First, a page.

By Ashley Mayo
In 2013, I went to Bandon Dunes with three other guys. Our ages ranged from 26 to 32, and our handicaps ranged from 2 to 5. This year, I went to Bandon with seven other guys. Our ages ranged from 28 to 70, and our handicaps from 1 to 25. Same destination, two very different groups, one very similar outcome: we all had a blast.
Our crew played The Preserve as an eightsome on the day we arrived.
Whether you're an avid, accomplished golfer who thrives on a good challenge, or a weekend warrior who attempts to avoid any and all trouble, the five courses at Bandon Dunes manage to offer enough of a test for single-digit-handicap golfers without being too overwhelming for double-digit-handicap golfers. Our higher-handicappers had this tremendous fear of losing a lot of golf balls. As it turns out, they lost very few. Don Scheck, a 23-handicapper, lost just one ball in five rounds (he lost it at Pacific Dunes), and says the courses are playable because there aren't a lot of forced carries, especially off the tees. "My drives mostly landed short of trouble as long as I hit them straight," says Scheck. "Approach shots and putting are what did me in."
Brian Bakst, a 22-handicapper, says he returned home with more balls than he brought. "And better ones," says Bakst. "When I went into the junk, I often came out with two or three beauties." Scott Davies, who started playing golf when he was 65 years old (he's now 69), says that the courses are not as intimidating as they might seem. "Having a caddie was a big assist," says the 25-handicapper. "And playing Preserve (the 13-hole par 3 course) first really increased my sense that I could play these courses and have fun. I lost a couple balls at Pacific Dunes but not otherwise." The best decision we made all week was taking a "Links Lesson" led by Master PGA Professional Grant Rogers and PGA Professional Jake Sestero. They taught us, in just one hour, how to play golf in the wind, how to hit bump-and-run shots with putters, irons and hybrids, and how to lag putt. "Some of the lessons I learned there carried with me the whole week," says Eric Hyland, an 11 handicapper. Among them:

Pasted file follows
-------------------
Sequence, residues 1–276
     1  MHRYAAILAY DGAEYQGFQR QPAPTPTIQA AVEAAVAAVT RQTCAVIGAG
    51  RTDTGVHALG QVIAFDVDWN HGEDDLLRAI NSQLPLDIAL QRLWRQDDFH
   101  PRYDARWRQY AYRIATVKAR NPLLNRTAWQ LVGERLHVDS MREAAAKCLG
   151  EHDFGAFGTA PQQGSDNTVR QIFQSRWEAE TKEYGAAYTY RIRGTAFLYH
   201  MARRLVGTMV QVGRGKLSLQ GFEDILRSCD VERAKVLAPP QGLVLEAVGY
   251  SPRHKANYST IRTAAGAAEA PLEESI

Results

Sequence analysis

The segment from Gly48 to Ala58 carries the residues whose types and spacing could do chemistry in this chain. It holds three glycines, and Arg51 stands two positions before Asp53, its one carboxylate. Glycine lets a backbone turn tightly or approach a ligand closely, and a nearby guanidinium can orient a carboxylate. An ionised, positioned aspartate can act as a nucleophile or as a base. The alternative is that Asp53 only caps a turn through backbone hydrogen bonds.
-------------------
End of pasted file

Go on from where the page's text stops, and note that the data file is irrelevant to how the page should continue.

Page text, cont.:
--Light hands on fast putts. --If you can run the ball up to the green, run the ball up to the green. Keep it low.--Remember, the golf holes like to win, too.--You might as well be the person having the most fun in your foursome.
That lesson was equally important to our higher-handicappers as it was to Tom Freeman, our 1-handicapper. "There aren't many courses in the United States where you'll learn how to hit a bump-and-run hybrid 123 yards, and then use it to give yourself a 4-foot birdie putt," says Freeman. "It's something I'll laugh and smile about for years." I asked everyone in our group to answer the classic question that all golfers should answer after they've played each of the four regulation-length courses at Bandon Dunes: If you had 10 rounds to play at Bandon, how would you divvy them up? Collectively, our double-digit handicap golfers slightly prefer Old Macdonald—wild bounces on that course generally feed toward the green and can turn so-so shots into stellar ones, and it's actually quite difficult to lose a ball there—and our single-digit handicap golfers would rather face Pacific Dunes—Tom Doak's extreme design requires shot-making skills.
Other than that, our higher-handicappers and lower-handicappers appreciated Bandon Dunes just the same. "You better laugh when you think at the start of your shot that you're putting for birdie and then leave the hole with a double," says Tom Scheck, a 9-handicapper. "Good shots are going to roll under the lip of a bunker. It's a lot like life. You better roll with the good and bad bounces or you'll spend most of your time in misery."
But isn't it that kind of misery that keeps us nutty golfers coming back for more?